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We are Big Idea Hunters…

We live in a time of information abundance, which far too many of us see as information overload. With the sum total of human knowledge, past and present, at our fingertips, we’re faced with a crisis of attention: which ideas should we engage with, and why? Big Think is an evolving roadmap to the best thinking on the planet — the ideas that can help you think flexibly and act decisively in a multivariate world.

A word about Big Ideas and Themes — The architecture of Big Think

Big ideas are lenses for envisioning the future. Every article and video on bigthink.com and on our learning platforms is based on an emerging “big idea” that is significant, widely relevant, and actionable. We’re sifting the noise for the questions and insights that have the power to change all of our lives, for decades to come. For example, reverse-engineering is a big idea in that the concept is increasingly useful across multiple disciplines, from education to nanotechnology.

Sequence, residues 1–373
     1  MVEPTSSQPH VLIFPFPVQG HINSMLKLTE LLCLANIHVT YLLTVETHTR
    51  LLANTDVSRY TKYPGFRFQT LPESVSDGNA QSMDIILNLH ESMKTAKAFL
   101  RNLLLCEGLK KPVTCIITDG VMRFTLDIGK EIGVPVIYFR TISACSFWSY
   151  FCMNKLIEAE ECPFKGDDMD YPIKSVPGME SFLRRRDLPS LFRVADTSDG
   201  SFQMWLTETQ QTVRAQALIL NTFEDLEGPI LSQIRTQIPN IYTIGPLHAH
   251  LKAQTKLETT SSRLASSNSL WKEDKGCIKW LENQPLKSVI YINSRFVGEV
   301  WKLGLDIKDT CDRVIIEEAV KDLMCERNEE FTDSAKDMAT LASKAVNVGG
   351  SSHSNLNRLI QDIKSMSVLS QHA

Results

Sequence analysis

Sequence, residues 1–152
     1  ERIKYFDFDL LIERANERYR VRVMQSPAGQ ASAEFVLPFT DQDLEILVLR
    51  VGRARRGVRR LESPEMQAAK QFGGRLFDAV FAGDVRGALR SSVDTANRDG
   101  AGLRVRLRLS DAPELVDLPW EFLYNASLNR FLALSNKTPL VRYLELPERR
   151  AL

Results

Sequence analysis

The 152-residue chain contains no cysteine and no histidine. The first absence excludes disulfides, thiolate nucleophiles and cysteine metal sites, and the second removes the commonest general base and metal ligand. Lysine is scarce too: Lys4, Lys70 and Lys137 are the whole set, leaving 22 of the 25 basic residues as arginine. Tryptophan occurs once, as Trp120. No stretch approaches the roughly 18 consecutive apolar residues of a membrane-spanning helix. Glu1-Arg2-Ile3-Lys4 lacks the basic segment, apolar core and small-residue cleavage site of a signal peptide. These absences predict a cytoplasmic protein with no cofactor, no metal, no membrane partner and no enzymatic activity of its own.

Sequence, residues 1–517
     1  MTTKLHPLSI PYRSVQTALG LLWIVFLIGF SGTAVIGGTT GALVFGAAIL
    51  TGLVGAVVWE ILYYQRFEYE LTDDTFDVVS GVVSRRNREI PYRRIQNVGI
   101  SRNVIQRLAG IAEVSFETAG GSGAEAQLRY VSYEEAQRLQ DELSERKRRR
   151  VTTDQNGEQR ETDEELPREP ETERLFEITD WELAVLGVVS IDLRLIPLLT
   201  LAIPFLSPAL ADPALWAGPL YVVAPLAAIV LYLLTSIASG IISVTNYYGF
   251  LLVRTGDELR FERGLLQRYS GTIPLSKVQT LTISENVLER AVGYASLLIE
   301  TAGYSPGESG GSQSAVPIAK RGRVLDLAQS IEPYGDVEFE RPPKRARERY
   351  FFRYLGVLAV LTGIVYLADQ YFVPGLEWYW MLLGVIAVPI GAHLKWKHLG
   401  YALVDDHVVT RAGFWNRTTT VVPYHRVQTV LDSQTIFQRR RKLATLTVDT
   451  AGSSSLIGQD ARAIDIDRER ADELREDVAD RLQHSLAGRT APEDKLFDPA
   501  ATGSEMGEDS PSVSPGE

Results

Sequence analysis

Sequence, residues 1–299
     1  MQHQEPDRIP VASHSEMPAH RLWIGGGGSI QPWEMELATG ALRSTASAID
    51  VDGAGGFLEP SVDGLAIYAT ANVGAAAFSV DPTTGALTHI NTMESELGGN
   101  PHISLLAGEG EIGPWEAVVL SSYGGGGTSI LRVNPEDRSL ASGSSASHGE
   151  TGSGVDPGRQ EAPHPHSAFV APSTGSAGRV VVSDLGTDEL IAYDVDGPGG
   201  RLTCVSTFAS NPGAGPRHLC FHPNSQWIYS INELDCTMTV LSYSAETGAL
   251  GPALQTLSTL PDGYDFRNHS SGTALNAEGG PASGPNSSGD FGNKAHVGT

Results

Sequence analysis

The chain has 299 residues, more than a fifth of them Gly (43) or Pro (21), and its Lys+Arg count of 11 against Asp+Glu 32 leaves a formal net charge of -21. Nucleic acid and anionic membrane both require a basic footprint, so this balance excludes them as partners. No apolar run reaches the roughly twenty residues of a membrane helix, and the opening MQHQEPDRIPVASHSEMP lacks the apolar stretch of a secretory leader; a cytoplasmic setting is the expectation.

Themes are the seven broad umbrellas under which we organize the hundreds of big ideas that populate Big Think. They include New World Order, Earth and Beyond, 21st Century Living, Going Mental, Extreme Biology, Power and Influence, and Inventing the Future.

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Big Think’s contributors offer expert analysis of the big ideas behind the news.

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IdeaFeed Posts

Big ideas in the news from around the web

IdeaFeed

Professor Orwell

Missing
over 4 years ago

The Chronicle of Higher Education recalls George Orwell's advice on writing in order to explain why American academic writing is so unfortunately esoteric and—poorly written. "By writing prose that is nearly unintelligible not just to the general public, but also to graduate students and fellow ...

IdeaFeed

The Problem with Socialism...

Missing
over 4 years ago

The National Review comments on one of William F. Buckley's favorite quotes: "The problem with socialism is socialism; the problem with capitalism is capitalists." "The problem with socialism is socialism, because there are no socialists. Socialism is a system based upon an assumption about human ...

IdeaFeed

The Middle Way

Missing